The Ballygowan cup-and-ring markings are carved onto the flat face of an outcrop measuring 2.5 metres. There are said to be at least 70 small, medium and large cup-and-rings here, some having radial grooves that link up with the cups, while other enlarged cups seeming to go into the natural cracks in the rock, and many having slightly deeper rounded centres than their counterparts. One cup-marking in particular resembles a horseshoe with several rings that stop at a ‘junction’ and then go outwards from the cup itself, while larger cups (some oval-shaped) go off into the naturaly-formed cracks in the rock’s surface; also there are ‘radial’ grooves or gulleys which link-up with other cups-and-rings. This type of rock-art is said to date from the Bronze-Age, around 2,500 BC.

But why were these strange cup-markings and other patterns designed like this, and for what reason were they carved? Were they used for aligning the stars and constellations, or perhaps the setting of the moon. Maybe they were to ‘align’ features on the horizon, such as hills, mountains and valleys? Maybe we will never know for certain, we can only guess. But they must have mean’t something to our ancient ancestors as they wouldn’t have spent so much time carving these strange shapes.

There are other cup-marked rocks in Kilmartin Glen at Achnabreck, Cairnbaan, Kilmichael Glassary and, further to the north at Buluachraig, all well-worth visiting.

Sources:

Darvil, Timothy., Glovebox Guide – Ancient Britain, The Publishing Division Of The Automobile Association (AA), Basingstoke, Hampshire, 1988.

Canmore Site No: NR89NW 99 & ID 76384 http://canmore.rcahms.gov.uk/en/site/76384/textcontribution/ballygowan/

*Photo Credit: http://commons.wikimedia.org/wiki/File:Ballygowan_Cup_And_Ring_Marks_20120414_detail.jpg

The Megalithic Portal: http://www.megalithic.co.uk/article.php?sid=1863884826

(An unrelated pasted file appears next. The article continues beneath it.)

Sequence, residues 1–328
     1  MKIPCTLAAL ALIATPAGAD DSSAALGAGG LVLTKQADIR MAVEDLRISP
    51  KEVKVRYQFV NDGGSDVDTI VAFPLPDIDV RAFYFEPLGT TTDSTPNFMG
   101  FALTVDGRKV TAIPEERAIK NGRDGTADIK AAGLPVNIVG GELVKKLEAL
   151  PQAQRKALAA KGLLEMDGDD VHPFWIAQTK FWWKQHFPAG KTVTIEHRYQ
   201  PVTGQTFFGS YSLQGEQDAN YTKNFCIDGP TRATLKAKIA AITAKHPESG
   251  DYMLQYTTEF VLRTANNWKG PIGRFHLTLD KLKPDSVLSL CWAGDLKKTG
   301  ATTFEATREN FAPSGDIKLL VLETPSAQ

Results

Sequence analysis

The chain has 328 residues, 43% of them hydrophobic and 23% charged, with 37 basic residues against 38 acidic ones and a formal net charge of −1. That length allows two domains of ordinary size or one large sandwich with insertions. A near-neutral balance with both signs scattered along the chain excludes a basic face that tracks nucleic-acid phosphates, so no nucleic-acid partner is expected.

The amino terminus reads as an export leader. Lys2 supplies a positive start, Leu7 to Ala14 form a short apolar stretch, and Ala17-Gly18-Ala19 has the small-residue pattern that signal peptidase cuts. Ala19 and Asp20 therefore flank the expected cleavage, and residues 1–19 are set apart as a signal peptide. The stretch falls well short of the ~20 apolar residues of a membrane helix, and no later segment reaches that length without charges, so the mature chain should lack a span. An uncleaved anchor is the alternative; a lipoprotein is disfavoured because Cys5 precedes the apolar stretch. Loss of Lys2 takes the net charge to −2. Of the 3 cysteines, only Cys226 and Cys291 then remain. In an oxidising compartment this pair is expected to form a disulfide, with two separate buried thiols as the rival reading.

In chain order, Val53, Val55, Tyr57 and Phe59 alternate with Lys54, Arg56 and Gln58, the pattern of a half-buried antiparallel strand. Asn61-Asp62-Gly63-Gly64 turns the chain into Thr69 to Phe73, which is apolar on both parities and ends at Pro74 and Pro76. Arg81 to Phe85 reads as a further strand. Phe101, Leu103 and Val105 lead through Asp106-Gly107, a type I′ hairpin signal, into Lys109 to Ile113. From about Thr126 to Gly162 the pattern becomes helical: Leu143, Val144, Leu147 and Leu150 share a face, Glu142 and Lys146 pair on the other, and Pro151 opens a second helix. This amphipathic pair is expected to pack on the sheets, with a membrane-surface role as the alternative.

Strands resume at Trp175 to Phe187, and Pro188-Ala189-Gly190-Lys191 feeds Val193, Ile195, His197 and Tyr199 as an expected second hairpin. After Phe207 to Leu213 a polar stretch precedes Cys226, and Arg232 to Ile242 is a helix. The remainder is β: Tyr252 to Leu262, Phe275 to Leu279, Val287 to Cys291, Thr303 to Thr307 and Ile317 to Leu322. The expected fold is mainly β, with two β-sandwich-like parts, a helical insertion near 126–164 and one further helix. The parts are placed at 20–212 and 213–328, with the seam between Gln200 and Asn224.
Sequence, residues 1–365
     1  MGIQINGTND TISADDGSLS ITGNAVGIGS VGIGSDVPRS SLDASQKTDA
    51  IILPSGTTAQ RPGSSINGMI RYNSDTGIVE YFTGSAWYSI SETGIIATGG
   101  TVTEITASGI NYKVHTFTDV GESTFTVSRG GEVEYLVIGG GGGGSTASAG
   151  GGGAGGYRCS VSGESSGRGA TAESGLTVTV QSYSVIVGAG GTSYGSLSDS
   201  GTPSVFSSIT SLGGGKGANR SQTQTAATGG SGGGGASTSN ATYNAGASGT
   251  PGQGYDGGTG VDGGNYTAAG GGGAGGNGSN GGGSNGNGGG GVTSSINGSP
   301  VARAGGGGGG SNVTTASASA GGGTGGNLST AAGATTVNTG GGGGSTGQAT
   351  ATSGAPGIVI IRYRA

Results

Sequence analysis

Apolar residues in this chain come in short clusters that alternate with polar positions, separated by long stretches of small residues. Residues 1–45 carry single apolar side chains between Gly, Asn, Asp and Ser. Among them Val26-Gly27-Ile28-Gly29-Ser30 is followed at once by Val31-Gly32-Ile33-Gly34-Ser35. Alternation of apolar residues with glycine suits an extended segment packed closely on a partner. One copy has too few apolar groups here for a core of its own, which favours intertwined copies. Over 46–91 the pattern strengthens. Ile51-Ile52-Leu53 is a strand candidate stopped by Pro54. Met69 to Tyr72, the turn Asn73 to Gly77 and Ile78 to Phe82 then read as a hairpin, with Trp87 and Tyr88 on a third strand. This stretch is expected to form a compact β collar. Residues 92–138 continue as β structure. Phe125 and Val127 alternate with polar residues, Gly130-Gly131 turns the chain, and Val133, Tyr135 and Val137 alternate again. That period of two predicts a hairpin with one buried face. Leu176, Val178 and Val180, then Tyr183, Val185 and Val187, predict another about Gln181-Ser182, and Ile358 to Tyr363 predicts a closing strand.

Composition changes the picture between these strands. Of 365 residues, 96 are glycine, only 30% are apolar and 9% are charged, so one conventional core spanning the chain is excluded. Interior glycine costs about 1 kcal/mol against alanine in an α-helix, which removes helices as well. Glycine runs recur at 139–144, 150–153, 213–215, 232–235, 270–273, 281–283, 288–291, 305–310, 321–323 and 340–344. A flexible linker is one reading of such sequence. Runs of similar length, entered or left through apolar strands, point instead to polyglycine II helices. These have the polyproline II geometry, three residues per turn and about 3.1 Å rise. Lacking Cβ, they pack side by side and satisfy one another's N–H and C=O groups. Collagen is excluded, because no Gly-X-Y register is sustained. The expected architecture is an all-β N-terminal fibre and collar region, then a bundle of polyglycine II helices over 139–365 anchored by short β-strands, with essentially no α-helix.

The Oakwood Stone, St John Lee, Northumbria

OS grid reference: NY9361 6582. The Oakwood Stone is a prehistoric lump of stone that has cup-and-ring markings. It can be found inside the church of St John in the hamlet of St John Lee at Acomb on the north side of the A69, 1 mile north of Hexham. It is a stone of great antiquity that dates back to the Neolithic Age some 2,000-4,000 years BC, and what a very nice bit of rock-art it is.  Also, the early 19th century church houses a Roman altar. The present day church is dedicated to St John of Beverley, a hermit who became bishop of Hexham and, later York, and stands on the site of several previous churches – the first was built back in the 10th century AD. St John founded a Saxon monastery on the site of the church in the late 7th century AD. The ruins of St John’s hermitage and oratory stand at the bank of the church.

English: Cup and ring stone in St John Lee church

The Oakwood Stone in St John Lee church (Photo credit: Wikipedia)

The 1 foot high lump of stone just inside the baptistry door is curved at the top and rounded at the edges, but the bottom part is obviously broken away and missing, so could there have been a few more cup-and-ring carvings? It was accidently ploughed-up from a field beside a clump of trees at Oakwood farm on the Oakwood road just north of St John Lee. Historians believe that it once formed part of a capstone or grave cover from a burial cairn (cist) that stood on a ridge of land; there are other ancient mounds and cairns in the same area. There are five cup-and-ring carvings, four of these are small, but the fifth is much larger and has five concentric rings. It is thought to date from the Neolithic period or the beginning of the Bronze-Age, perhaps? So that could make the stone upto 6,000 years old.

Also in the church at the right-hand side of the baptistry door there is a Roman altar stone that has been used as a font for Christian baptisms. The altar may have come from a Roman fort beside Hadrians Wall, a few miles to the north.

The Oakwood Stone, St John Lee, Northumbria